Press picture prompts criticism of Jersey’s commitment to diversity

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QUESTIONS have been raised over the Island’s commitment to diversity and inclusion at the highest levels due to the make-up of a delegation representing the financial and digital sectors at a recent event.

Picture: Prospect Magazine (28652105)

Representatives from the Island, including from Jersey Finance, Digital Jersey, the JFSC and the Government of Jersey, recently met UK officials in London at a ‘roundtable’ hosted by Prospect magazine to discuss the future of international finance centres.

But the Island’s all-white male choice of representatives at the event has come in for criticism. The event, which was held in March shortly before the lockdown, was featured in Prospect towards the end of May.

Earlier this year, a number of leading Jersey organisations, including Jersey Finance and the government, signed a pledge of support for a diversity-and-inclusion charter launched by the Institute of Directors Jersey.

Kate Wright, co-founder of The Diversity Network, said she was concerned about how the Island might be perceived as it competes for global business.

‘Our diversity of talent needs to be much better reflected in the most senior positions in business and government if we want to win the investment in Jersey Plc that we’re competing for,’ she said.

‘If the Island’s finance industry wants to flourish in a fast-changing world, we need to see a more diverse team representing the Island at such events.’

Meanwhile, Pippa Davidson, founder of Lean In Jersey, said that the Island should look to lead the way on diversity and inclusion as an international finance centre.

‘We certainly need those at the forefront and in the public eye to take a moment before events like this to think “how do we reflect the diverse opinions and demonstrate the inclusivity we are striving for” by contributing to this and “who is best placed to do this”,’ she said,


‘I think we are at a point whereby a bit more action is needed.’

Paul Coleshill, who heads the men’s Lean In circle, added: ‘Too often we witness poor behaviours by those in business and stand by and accept it. By doing this we are sanctioning the wrong behaviours. There is so much good work being undertaken by firms and by other organisations like Lean In and the IoD. As an island we need to collectively be part of the movement of making positive D&I not only a verbal commitment but something we live day in, day out.’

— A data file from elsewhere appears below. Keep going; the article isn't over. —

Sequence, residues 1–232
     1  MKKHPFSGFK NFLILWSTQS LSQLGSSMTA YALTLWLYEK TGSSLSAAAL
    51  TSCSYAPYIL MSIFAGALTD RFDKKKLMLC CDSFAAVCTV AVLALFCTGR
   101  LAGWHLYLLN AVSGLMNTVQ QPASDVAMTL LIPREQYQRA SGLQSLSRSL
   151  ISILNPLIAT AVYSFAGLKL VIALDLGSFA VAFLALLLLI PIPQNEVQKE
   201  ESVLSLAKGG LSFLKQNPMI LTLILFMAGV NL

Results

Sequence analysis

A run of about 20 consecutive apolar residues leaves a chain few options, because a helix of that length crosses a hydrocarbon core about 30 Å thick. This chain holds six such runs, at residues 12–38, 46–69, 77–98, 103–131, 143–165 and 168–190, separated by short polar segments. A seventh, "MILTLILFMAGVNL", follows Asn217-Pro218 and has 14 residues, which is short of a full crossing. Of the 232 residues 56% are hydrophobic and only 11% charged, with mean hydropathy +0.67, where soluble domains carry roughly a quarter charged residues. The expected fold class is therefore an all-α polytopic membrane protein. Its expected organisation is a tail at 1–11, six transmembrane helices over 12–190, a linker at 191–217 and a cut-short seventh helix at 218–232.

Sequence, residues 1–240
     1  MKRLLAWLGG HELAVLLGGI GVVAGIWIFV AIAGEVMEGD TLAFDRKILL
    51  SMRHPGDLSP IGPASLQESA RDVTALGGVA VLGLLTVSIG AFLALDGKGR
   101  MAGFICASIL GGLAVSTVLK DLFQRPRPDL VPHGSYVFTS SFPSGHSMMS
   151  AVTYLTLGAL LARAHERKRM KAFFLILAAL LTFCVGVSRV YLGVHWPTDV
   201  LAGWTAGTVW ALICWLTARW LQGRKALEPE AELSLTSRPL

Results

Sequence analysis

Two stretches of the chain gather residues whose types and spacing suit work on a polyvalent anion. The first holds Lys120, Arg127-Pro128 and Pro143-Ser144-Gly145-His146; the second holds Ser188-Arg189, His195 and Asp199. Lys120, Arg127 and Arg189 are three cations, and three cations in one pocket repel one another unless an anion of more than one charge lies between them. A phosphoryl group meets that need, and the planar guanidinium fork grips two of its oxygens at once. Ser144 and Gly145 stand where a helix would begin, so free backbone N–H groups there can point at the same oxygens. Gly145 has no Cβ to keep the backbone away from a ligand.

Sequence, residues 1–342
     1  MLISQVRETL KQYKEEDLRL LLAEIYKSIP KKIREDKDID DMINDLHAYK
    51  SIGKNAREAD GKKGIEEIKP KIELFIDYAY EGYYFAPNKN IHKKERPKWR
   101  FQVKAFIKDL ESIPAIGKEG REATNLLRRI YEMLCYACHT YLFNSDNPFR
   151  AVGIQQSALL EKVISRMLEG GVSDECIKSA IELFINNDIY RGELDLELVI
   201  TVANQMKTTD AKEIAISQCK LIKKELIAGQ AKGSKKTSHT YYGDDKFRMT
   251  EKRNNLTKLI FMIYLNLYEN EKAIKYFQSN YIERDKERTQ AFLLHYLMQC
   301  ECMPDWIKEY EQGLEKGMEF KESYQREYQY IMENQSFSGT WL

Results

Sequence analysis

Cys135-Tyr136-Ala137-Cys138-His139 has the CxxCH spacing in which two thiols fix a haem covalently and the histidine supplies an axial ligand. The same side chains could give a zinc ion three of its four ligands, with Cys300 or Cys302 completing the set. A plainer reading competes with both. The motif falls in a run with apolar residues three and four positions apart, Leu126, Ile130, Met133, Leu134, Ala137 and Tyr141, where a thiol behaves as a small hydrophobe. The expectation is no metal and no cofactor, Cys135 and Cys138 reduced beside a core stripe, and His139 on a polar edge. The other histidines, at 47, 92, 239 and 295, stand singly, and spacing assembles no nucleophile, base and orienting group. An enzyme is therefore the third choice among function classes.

Joe Moynihan, chief executive of Jersey Finance, said that his industry had been represented by those who were ‘available’ to attend the roundtable and that ‘invitee lists can be difficult to control’.

‘Best endeavours were taken at the time and while we will take this feedback on board for our future planning and promotion, we are unable to dictate attendees for such an event,’ he said.


‘Jersey Finance is a diverse and inclusive organisation, having been recently accredited with the Good Business Charter and our signing of the IoD’s diversity and inclusion charter.’

Meanwhile, Assistant Chief Minister Richard Buchanan, who is leading the government’s work on diversity and inclusion, said that the government ‘remains committed to valuing diversity, inclusion and equality of opportunity’ in its workforce.

‘For instance, we collect basic diversity information from applicants for jobs to monitor trends, understand if our attraction methods encourage a diversity of applicants and inform changes to our recruitment policies and practices,’ he said.

‘We are also using the analysis from last year’s gender-pay-gap review to enhance gender equality in our workforce so that we can achieve wider diversity by targeting the barriers to progression and by increasing opportunities for employees in under-represented areas of the organisation.’

He added: ‘Clearly it will take time for these changes to be reflected in the make-up of ministers and officers who represent the Island at external events and conferences.

‘This should not, however, be interpreted as a lack of commitment to the principles of diversity and inclusion.’

Ian Heath

By Ian Heath

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